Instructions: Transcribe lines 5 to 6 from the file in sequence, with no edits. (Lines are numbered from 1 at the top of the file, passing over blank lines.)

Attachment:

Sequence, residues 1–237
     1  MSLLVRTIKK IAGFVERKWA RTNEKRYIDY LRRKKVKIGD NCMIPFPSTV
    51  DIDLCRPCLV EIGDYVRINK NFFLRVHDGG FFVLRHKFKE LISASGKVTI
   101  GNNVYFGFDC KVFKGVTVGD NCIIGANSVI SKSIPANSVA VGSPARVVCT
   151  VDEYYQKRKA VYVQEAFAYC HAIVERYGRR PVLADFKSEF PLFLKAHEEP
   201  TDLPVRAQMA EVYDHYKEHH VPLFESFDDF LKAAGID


   151  VDEYYQKRKA VYVQEAFAYC HAIVERYGRR PVLADFKSEF PLFLKAHEEP
   201  TDLPVRAQMA EVYDHYKEHH VPLFESFDDF LKAAGID